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Changes for succession law afoot

2 June 2021
by Canterbury Legal

Succession law, which governs who your property might pass to upon your death, is likely up for some big changes.

That’s because the Law Commission has recently reviewed this area, and drafted a series of recommendations they plan to present to the Government. And those recommendations often end up in law.

The current law is spread amongst a number of sources and statutes, including:

  • wills
  • estate planning mechanisms, such as trusts
  • the Family Protection Act 1955, which allows some family members to claim against an estate
  • the Property (Relationships) Act 1976
  • the Administration Act 1969, which addresses situations where someone dies without a will
  • testamentary promises
  • constructive trusts

… and even more. The Commission proposes bringing some or all of these together under a new statute, which ought to simplify how things operate.

And as you might tell from some of the dates on those statutes, the existing law has been around for some time. Family arrangements have changed since then, and continue to evolve. Public perceptions of property and what’s fair have changed. So the Commission has proposed a number of other changes with this in mind.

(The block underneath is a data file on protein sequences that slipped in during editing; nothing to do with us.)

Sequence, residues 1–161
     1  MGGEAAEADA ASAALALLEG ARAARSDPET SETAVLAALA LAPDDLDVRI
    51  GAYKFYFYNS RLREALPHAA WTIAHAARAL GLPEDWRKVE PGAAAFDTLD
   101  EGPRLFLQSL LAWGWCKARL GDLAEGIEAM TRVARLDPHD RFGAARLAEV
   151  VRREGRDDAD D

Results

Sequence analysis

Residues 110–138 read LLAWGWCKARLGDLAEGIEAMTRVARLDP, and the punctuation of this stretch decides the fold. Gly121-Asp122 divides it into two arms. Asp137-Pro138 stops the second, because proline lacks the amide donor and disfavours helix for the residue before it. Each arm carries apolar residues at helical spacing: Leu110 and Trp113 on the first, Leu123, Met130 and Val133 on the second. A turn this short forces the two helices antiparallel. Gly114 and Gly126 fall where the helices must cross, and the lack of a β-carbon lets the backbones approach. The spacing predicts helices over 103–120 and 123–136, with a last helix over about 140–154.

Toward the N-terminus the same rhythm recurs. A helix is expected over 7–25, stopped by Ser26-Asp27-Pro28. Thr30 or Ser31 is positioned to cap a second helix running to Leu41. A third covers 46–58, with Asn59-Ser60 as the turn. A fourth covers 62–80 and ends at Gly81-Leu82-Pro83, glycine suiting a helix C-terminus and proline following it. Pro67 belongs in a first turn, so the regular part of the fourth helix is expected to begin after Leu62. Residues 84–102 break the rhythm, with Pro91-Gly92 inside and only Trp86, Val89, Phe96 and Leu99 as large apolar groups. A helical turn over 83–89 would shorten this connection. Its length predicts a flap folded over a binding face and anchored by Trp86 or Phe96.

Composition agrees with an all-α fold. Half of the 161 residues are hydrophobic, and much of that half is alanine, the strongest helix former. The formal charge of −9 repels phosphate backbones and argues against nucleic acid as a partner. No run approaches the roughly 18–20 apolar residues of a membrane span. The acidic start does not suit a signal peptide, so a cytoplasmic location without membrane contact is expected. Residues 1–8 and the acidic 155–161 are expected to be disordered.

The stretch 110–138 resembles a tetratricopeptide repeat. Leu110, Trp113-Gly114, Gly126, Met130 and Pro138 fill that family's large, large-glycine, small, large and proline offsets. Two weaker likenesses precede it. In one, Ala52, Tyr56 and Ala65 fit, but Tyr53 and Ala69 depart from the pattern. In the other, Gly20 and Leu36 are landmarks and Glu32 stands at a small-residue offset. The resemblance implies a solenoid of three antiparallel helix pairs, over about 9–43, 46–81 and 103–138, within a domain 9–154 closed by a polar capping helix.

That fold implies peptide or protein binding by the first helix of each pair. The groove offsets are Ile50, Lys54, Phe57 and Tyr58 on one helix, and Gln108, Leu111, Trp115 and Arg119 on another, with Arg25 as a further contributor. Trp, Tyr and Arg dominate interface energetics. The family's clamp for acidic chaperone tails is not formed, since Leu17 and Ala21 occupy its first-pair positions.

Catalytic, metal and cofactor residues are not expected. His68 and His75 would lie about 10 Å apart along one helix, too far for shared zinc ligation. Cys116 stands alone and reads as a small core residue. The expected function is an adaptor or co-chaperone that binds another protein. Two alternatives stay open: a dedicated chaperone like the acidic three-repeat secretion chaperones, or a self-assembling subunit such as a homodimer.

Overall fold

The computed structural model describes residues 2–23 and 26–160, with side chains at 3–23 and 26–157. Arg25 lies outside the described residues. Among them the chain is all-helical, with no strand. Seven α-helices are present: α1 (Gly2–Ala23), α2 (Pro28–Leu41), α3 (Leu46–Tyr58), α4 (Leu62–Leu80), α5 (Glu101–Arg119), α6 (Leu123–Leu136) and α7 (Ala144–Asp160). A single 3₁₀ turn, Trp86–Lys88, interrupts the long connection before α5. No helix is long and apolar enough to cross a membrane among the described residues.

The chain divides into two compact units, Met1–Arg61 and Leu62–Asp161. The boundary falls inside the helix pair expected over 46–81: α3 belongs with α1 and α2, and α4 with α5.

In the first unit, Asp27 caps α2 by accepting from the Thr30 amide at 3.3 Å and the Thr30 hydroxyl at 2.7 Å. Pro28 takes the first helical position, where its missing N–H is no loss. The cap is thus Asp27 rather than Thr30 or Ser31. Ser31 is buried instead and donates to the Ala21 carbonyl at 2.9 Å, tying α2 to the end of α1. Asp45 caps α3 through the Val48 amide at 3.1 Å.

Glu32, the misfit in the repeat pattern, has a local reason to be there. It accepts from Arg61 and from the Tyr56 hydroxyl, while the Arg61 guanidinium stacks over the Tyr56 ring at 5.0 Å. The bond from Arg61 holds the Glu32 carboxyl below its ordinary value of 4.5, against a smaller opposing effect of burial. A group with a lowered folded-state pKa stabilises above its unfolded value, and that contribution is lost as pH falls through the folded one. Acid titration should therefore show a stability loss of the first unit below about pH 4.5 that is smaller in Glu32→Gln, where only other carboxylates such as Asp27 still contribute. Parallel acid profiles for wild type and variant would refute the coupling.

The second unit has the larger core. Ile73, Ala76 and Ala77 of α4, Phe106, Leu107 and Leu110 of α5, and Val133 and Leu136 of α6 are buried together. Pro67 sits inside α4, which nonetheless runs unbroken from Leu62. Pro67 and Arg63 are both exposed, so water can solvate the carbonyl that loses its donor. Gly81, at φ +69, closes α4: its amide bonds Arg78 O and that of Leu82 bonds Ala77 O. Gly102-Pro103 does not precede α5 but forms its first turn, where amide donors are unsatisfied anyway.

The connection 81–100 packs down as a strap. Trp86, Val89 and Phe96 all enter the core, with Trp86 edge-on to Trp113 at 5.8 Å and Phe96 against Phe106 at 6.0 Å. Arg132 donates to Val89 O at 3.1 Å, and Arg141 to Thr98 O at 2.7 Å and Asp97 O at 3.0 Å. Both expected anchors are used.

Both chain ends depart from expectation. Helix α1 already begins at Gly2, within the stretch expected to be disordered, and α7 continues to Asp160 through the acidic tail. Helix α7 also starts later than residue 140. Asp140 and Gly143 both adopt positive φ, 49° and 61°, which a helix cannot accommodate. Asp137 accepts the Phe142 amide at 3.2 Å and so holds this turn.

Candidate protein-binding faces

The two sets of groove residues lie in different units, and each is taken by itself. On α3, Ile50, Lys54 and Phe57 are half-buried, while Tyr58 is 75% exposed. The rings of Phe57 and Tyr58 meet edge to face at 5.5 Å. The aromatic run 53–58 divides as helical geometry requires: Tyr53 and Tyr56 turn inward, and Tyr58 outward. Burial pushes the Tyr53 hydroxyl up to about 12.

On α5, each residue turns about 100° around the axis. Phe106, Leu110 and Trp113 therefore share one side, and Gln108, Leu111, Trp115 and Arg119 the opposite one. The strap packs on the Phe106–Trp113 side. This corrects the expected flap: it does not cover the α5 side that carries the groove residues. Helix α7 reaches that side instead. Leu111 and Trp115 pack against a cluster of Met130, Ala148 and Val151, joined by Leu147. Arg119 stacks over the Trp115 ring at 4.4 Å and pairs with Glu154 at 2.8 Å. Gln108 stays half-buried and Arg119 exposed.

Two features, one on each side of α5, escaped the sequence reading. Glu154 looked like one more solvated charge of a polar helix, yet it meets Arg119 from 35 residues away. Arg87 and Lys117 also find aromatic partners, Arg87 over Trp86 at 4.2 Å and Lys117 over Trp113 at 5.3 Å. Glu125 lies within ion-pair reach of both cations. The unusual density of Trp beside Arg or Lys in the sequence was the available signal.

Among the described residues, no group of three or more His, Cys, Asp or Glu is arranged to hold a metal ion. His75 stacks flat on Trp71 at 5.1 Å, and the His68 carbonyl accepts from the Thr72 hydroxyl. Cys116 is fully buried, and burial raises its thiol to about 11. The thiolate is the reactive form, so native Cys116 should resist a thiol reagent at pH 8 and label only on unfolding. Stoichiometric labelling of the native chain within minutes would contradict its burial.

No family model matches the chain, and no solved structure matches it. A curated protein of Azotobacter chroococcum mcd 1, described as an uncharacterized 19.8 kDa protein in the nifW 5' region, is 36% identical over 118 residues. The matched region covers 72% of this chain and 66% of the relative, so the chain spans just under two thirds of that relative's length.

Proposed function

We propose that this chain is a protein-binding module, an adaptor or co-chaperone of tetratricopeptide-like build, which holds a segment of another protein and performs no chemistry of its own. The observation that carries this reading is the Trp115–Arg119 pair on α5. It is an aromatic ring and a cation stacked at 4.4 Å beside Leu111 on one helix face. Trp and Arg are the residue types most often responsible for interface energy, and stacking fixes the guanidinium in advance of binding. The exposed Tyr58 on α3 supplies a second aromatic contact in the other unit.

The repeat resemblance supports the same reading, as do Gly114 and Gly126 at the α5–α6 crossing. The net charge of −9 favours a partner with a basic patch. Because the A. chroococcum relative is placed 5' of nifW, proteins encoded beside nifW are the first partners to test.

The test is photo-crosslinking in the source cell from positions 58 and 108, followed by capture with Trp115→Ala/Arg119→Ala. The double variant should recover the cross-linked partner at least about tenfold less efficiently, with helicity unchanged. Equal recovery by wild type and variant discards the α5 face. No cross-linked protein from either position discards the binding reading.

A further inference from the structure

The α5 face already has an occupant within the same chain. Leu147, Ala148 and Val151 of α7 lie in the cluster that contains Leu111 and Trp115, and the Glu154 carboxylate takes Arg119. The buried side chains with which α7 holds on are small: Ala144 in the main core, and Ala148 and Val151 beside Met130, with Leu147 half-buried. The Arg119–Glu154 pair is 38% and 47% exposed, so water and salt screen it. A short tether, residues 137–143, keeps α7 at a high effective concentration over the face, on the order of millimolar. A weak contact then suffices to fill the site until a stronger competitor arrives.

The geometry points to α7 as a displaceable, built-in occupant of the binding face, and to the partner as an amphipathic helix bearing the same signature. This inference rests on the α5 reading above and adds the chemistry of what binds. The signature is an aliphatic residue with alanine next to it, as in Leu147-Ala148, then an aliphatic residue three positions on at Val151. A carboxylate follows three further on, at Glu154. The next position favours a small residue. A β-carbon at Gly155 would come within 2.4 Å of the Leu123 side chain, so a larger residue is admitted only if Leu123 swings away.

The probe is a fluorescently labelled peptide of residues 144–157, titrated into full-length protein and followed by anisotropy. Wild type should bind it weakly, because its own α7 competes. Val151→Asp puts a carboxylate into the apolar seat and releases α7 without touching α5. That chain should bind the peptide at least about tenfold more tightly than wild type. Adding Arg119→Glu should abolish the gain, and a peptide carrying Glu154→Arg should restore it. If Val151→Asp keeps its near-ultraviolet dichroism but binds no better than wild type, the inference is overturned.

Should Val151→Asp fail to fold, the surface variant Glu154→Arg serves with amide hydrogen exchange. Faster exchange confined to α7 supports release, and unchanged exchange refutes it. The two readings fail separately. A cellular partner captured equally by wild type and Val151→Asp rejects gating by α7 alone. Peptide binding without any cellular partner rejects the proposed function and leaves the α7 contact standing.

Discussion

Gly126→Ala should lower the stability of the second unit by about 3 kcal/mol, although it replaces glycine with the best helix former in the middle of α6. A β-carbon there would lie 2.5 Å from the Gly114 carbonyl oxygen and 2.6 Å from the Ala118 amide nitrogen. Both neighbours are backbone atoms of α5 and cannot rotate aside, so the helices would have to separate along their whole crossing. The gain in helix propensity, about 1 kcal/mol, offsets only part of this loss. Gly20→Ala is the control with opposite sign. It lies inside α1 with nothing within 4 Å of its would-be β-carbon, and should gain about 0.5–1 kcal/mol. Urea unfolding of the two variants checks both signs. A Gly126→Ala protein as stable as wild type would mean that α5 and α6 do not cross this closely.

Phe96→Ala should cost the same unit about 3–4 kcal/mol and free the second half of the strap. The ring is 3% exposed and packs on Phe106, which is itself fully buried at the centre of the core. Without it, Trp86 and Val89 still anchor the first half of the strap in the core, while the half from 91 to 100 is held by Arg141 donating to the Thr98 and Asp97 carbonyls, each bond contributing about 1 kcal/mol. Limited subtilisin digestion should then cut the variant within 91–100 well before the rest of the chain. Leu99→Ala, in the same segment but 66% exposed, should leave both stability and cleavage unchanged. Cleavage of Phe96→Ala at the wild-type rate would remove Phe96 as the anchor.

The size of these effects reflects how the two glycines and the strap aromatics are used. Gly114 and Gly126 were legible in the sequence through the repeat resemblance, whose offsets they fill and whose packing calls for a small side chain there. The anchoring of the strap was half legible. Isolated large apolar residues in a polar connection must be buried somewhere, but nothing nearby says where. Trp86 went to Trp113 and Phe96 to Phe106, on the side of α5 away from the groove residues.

• Family Protection claims may only apply to a smaller group of familial claimants. Parents and grandchildren, who can currently make claims, would no longer be able to.
  • The way assets are distributed in intestate states (where there’s no will involved) would change.
  • Claims currently made in equity for contributions that have added value to an asset might be brought under a statute, and classified as Contribution Claims. Property owners could enter into contracting-out agreements to prevent these claims being brought against their estate.
  • The Courts could have powers to restore assets to estates that may have been put elsewhere as avoidance measures.

There may also be a separate regime created for Māori succession, recognising different principles under tikanga Māori.

The process is at an Issues Paper stage, which the Law Commission is seeking submissions on up until 10 June. The plan is to present final recommendations to the Government by the end of the year.

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